ITALIAN ACCENT: Tanja Ruhnke has joined Valentino as vice president of communications, North America. Responsible for public relations, events, advertising and VIP relations for the Roman fashion house, she reports to Sebastian Suhl, managing director of global markets and interim chief executive officer of Valentino USA.
Ruhnke is perhaps best known for her role as vice president of global branding and communications at Alexander Wang, and as a vice president of public relations at KCD in Paris. Most recently, she was vice president of communications at North6, a production agency.
She has also worked in-house at Rag & Bone and Helmut Lang in New York, and provided communication consulting services for the likes of Gucci, Bottega Veneta and Birkenstock.
EAST MEETS WEST: Valentino looked to Asia to find its new North American leader.
Gianfranco Ditadi, regional manager of Tod’s business in China, is to join Valentino North America as president and chief executive officer at the end of February, according to market sources.
Ditadi has also held senior management roles with Ralph Lauren and Prada Group in Asia.
He is to fill a role that’s been vacant since September, when Sandra Jovicic exited the Valentino company.
Valentino is controlled by Mayhoola, an investment vehicle backed by a private investor group from Qatar, which took control of the company in 2012. The brand is designed by Pierpaolo Piccioli and is helmed by ceo Stefano Sassi. In November 2017, former Marc Jacobs International ceo Sebastian Suhl joined Valentino as managing director of global markets to help the brand’s expansion globally.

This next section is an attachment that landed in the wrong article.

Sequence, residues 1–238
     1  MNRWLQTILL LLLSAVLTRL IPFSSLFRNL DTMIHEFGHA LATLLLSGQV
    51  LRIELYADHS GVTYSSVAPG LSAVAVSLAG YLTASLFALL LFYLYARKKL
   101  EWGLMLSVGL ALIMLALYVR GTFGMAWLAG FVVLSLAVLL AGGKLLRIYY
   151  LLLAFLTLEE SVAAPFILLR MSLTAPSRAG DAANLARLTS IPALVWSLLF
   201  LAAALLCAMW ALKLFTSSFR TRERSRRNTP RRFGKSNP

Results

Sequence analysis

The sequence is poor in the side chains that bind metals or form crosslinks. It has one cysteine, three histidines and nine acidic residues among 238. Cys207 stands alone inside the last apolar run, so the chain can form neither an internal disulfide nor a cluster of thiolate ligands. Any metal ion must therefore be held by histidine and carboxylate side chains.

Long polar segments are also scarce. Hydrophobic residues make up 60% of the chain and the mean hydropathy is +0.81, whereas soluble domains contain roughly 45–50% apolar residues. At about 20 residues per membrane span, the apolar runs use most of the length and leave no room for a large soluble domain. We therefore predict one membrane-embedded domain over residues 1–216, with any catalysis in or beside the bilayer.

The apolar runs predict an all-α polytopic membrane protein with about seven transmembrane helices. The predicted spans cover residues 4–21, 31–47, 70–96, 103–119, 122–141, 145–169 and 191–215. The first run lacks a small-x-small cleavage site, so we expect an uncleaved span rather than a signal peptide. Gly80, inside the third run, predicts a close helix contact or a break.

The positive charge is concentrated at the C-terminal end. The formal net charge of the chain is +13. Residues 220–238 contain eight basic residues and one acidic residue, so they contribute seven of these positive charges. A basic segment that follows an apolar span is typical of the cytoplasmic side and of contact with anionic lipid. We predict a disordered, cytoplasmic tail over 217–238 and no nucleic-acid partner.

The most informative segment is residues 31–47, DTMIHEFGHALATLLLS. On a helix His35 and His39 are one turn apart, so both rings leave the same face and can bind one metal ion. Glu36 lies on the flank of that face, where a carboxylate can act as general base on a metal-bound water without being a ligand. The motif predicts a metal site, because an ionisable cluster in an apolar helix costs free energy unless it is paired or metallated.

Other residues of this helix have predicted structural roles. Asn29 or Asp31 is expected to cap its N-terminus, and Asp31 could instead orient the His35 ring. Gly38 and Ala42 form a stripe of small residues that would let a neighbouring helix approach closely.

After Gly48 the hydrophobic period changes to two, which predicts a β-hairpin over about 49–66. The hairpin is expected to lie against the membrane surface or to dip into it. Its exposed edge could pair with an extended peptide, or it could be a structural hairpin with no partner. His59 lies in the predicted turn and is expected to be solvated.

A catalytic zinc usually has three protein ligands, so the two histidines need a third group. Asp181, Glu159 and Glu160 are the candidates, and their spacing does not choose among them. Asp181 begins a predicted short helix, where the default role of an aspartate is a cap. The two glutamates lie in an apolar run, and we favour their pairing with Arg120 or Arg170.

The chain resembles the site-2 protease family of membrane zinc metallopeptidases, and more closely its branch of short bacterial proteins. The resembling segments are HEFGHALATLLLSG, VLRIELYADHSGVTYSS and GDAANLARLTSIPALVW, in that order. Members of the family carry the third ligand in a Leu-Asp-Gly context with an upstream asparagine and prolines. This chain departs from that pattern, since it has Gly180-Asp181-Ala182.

TOKYO — A day after unveiling a new retail concept at its Ginza flagship store, Valentino staged its first runway show in Japan since the Eighties, with creative director Pierpaolo Piccioli also showing women’s wear and men’s wear together for the first time.
“In Japan and in the world today, I don’t think you feel such a difference between genders,” the designer said. “It’s a different way of working, but the philosophy behind men and women I think is the same. So the clothes are different, a different wardrobe, but the values are the same.”
Piccioli drew on classic couture detailing for women and tailoring for men, but reimagined them in a more modern way that is more appropriate for every day.
“I didn’t want to do streetwear or daywear generically,” he said. “I wanted to get the identity of the house, but going into the street.”
The result was a pre-fall collection that struck a perfect balance between red-carpet drama and practicality. Many of the most iconic codes of Valentino could be found yet refreshed. Flowers, such as those that adorned the dress Marisa Berenson was photographed in for Vogue in 1968, showed up as tiny buds adorning a knit dress with rows
IN AND OUT: Former Stuart Weitzman creative director Giovanni Morelli has joined Valentino as accessories design director, WWD has learned. He reports to creative director Pierpaolo Piccioli. Morelli, who left the Tapestry Inc.-owned brand in May after one year, is a former leather goods designer for Loewe, Marc Jacobs and Chloé.